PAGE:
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Issue 5: Talking trash

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From the editorAs a general rule, one should avoid Alan Jones. But it was hard to ignore him last wee
 

SundayFocus

August 18 · Issue #5 · View online
Your weekly wrap of national affairs, society, culture and politics, published by UnionsACT.

From the editor
As a general rule, one should avoid Alan Jones. But it was hard to ignore him last week when he encouraged Scott Morrison to assault New Zealand prime minister Jacinda Ardern, something he later apologised for after a public backlash.
Yet lost in the hullabaloo was that during his Ardern rant Jones made a series of false and misleading claims about climate change and renewable energy, something he has plenty of form on. Where was the outrage about that?
Of course we should be calling people out for loathsome misogyny, but “Alan Jones says something awful” stories are almost as predictable as the tides. By allowing ourselves to be distracted by the Jones spectacle are we giving him a free pass on his relentless climate misinformation campaign?
Maybe the problem is that Jones just isn’t reading the right things. Someone subscribe him to SundayFocus!
Enjoy the issue.
Guy Mosel, Editor

Talking trash in the age of overconsumption
Credit: Javardh | Unsplash
Credit: Javardh | Unsplash
In July 2017 China, until then the world’s largest importer of trash, announced it would no longer accept 24 types of solid waste from foreign countries.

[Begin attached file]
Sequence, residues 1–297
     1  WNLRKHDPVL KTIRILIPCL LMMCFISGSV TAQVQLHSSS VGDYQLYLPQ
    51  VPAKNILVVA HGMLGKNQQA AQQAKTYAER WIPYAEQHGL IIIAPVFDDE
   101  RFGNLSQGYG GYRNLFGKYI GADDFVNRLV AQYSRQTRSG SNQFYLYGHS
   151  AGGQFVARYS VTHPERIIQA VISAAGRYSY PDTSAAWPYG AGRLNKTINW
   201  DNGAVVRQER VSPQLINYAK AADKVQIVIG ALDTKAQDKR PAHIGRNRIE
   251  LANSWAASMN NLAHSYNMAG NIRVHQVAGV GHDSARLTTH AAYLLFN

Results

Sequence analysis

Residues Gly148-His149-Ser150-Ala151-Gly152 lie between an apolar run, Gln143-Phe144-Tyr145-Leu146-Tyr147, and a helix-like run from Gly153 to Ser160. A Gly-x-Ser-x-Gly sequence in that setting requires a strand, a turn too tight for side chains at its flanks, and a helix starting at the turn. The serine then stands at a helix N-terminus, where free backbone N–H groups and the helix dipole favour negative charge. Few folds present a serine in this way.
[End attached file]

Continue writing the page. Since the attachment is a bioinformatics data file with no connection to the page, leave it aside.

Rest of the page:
The decision caused chaos in international recycling markets. 
The following month a damning Four Corners investigation revealed that with commodity prices for recycled glass and plastic collapsing, waste companies were not only exploiting legislative gaps by moving waste interstate to avoid paying landfill fees, but also engaging in illegal dumping and burning. Worse still, some regulatory bodies tasked with policing illegal dumping were corrupt.
Over the next two years the crisis deepened, with Malaysia banning plastic waste imports and Indonesia sending back to Australia paper waste shipments contaminated with toxic rubbish. As recycling costs increased, councils began abandoning recycling programs. Across the country, warehouses swelled with hazardous waste.
But nothing is more likely to make this federal government drag its heels than a protracted crisis.
Climate change, yawning inequality, health costs, infrastructure, housing affordability – if it’s a pressing issue requiring urgent action you can be sure they’ll do nothing about it. (But watch how fast they’ll move to protect the church’s right to discriminate against LGBTQI people!)